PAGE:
EDWARD A. GALL, M.D.; VICTOR F. WOOLF, M.D.
Many congenital abnormalities, being perfectly compatible with normal function, and, of themselves, causing no inconveniences are observed quite accidentally. Falling into this category is situs inversus viscerum totalis, or complete transposition of the viscera.
Single instances of this finding in a family are sufficiently common to occasion no special comment. The statistics vary widely, depending upon the source from which the data have been obtained and the methods utilized in discovering the cases. To quote figures on incidence:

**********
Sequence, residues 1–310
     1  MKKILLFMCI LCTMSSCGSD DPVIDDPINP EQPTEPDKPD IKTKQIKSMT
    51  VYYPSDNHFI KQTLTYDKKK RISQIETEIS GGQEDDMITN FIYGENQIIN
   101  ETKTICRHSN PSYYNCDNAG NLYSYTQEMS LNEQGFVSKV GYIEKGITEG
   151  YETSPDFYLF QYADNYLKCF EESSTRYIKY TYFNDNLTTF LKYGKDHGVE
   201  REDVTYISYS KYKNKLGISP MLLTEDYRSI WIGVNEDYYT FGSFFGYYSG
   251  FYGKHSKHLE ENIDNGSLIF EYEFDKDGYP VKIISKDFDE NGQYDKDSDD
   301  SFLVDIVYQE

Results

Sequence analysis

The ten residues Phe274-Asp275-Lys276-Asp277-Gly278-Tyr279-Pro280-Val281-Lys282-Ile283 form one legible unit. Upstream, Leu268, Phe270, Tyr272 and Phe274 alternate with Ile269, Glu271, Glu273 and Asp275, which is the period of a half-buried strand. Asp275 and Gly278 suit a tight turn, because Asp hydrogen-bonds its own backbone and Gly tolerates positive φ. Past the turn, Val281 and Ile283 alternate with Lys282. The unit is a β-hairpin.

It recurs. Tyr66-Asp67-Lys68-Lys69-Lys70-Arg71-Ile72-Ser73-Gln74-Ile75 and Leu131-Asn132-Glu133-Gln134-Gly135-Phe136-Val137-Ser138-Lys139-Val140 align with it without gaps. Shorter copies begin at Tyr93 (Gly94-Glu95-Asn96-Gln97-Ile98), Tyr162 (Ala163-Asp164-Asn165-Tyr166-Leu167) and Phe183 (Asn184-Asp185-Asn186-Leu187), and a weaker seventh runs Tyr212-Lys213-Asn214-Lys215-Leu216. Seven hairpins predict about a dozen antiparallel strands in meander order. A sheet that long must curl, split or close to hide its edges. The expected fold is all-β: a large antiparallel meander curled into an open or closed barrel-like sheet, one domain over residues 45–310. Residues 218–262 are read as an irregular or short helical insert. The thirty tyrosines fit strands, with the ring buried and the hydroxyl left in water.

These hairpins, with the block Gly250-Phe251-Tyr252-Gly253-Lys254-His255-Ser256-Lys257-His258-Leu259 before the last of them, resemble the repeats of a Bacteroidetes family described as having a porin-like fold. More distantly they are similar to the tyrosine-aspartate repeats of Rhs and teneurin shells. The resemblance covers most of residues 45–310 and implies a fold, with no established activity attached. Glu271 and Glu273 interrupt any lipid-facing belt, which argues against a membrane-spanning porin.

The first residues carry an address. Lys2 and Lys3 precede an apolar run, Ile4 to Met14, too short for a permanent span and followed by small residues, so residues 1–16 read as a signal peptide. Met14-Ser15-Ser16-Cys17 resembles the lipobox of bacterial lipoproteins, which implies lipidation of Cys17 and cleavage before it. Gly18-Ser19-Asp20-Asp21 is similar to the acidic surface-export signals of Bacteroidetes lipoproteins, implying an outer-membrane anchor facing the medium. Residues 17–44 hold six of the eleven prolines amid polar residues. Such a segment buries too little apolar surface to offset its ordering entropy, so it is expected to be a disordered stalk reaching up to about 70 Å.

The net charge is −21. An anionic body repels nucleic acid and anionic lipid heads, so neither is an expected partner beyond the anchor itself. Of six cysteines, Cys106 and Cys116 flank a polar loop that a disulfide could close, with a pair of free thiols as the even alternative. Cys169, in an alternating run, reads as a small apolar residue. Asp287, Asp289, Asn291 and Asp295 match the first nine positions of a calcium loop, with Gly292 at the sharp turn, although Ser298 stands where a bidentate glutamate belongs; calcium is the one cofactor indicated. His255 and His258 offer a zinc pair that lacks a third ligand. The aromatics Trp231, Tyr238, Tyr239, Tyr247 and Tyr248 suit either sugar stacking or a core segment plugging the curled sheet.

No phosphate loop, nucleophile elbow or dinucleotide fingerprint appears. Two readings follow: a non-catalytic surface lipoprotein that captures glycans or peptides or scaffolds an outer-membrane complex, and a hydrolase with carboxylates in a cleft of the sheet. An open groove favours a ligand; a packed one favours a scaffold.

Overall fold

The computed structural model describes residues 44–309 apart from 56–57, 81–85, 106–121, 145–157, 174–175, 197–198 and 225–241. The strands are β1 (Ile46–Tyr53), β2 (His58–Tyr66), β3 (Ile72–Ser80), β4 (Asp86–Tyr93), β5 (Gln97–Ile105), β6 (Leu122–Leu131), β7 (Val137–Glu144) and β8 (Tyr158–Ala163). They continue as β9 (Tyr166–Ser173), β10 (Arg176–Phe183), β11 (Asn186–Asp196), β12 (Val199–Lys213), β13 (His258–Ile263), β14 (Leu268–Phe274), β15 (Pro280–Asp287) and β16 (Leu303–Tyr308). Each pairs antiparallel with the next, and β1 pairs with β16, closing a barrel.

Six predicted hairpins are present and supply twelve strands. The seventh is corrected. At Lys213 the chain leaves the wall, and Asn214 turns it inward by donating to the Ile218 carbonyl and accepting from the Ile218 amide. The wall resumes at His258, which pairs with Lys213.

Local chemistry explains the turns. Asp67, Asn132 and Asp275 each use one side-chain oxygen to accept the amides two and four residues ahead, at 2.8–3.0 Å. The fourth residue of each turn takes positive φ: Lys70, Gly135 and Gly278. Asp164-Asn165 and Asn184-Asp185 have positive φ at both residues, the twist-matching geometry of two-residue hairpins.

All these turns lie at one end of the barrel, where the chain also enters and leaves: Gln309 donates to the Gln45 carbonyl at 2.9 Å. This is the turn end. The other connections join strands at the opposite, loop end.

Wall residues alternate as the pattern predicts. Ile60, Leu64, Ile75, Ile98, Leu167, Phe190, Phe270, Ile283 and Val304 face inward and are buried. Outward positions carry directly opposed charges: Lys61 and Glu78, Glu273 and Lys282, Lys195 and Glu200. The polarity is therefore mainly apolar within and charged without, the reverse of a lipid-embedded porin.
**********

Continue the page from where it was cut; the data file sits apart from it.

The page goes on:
Rösler18—Leipziger Path. Univ. Inst 3: 2,402
LeWald9—(Recruits—physical examination) 1: 35,000
(Autopsy) 1: 5,000
(X-ray) 29: 40,000
de Goff 3: 60,000
GALL EA, WOOLF VF. SITUS INVERSUS VISCERUM TOTALIS IN SIBLINGS1: CASE REPORTS. Ann Intern Med. 1934;7:1370–1375. doi: 10.7326/0003-4819-7-11-1370
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Published: Ann Intern Med. 1934;7(11):1370-1375.
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